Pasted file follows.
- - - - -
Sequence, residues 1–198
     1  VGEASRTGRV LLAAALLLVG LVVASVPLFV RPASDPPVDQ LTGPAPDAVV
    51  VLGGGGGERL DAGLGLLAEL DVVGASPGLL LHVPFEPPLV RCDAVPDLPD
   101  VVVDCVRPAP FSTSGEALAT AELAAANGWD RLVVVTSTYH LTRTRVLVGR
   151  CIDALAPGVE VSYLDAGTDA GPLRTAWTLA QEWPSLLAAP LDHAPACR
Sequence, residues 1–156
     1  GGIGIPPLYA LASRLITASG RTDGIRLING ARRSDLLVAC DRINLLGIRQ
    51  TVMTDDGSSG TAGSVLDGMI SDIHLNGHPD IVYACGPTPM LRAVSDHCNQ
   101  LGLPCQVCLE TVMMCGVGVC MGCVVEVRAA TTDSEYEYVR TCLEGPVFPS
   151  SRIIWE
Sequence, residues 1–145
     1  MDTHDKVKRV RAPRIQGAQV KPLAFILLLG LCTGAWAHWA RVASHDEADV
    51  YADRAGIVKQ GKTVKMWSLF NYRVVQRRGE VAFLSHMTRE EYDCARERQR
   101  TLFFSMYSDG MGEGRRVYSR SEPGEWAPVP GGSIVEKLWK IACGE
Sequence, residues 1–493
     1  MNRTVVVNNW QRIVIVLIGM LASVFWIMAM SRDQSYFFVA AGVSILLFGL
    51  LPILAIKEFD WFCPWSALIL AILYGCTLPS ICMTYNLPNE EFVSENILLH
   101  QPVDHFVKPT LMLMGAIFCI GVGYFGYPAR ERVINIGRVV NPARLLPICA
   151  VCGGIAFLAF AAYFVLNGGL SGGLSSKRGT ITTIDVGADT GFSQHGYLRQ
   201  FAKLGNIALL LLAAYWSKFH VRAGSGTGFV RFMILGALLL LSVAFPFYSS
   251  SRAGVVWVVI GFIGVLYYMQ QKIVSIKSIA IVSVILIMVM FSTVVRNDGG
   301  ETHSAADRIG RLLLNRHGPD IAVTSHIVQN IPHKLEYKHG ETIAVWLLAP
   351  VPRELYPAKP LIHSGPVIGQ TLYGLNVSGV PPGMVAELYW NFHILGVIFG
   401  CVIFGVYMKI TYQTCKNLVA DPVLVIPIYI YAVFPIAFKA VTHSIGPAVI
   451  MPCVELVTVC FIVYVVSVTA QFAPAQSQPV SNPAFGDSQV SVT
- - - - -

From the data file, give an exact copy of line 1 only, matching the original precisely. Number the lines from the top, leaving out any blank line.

Sequence, residues 1–198